Noes-Messrs. Akin, Anderson, Barksdale, Batson, Bell, Blandford, Boyce, Bradley, H. W. Bruce, Carroll, Chambers, Chilton, Clark, Clopton, Cluskey, Conrad, Conrow, Darden, Dickinson, Dupre, Ewing, Farrow, Foster, Funsten, Gaither, Goode, Gray, Hartridge, Hatcher, Hilton, Holder, Holliday, Johnston, Keeble, Lyon, Pugh, Read, Rogers, Russell, Simpson, J. M. Smith, W. E. Smith, Snead, Swan, Triplett, Villere, Welsh.
If any number of black soldiers had been serving in the ranks of the CSA armies, how did it escape the notice of Congress?
It also escaped the notice of Jefferson Davis, Robert E. Lee and others:
Page 246, Confederate Veteran, June 1915. Official publication of the United Confederate Veteran, United Daughters of the Confederacy, Sons of Confederate Veterans, and the Confederated Southern Memorial Association.
Gen. Howell Cobb, an unbeliever in this expedient, wrote from Macon, Ga., January 8, 1865: “I think that the proposition is the most pernicious idea that has been suggested since the war began. You cannot make soldiers of slaves or slaves of soldiers. The moment you resort to this your white soldiers are lost to you, and one reason why this proposition is received with favor by some portions of the army is because they hope that when the negro comes in they can retire. You cannot keep white and black troops together, and you cannot trust negroes alone. They won’t make soldiers, as they are wanting in every qualification necessary to make one. :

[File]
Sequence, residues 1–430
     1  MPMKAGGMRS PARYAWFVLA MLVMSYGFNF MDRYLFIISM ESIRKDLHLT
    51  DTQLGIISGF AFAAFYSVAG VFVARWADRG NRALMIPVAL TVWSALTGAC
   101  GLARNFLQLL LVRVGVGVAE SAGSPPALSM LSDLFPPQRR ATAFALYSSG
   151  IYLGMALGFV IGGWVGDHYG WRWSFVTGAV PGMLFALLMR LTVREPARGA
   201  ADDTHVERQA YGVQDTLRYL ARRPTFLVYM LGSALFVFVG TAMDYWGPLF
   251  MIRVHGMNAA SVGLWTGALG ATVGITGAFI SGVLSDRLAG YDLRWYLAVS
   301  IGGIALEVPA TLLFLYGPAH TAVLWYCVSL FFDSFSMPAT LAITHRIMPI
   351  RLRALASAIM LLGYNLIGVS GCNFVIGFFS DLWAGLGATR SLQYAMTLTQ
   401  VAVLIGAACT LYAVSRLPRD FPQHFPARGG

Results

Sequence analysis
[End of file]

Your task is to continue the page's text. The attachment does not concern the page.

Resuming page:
Samuel Clayton, Esq., of Cuthbert, Ga., wrote on January 10, 1865: “All of our male population between sixteen and sixty is in the army. We cannot get men from any other source; they must come from our slaves… The government takes all of our men and exposes them to death. Why can’t they take our property? He who values his property more than independence is a poor, sordid wretch.”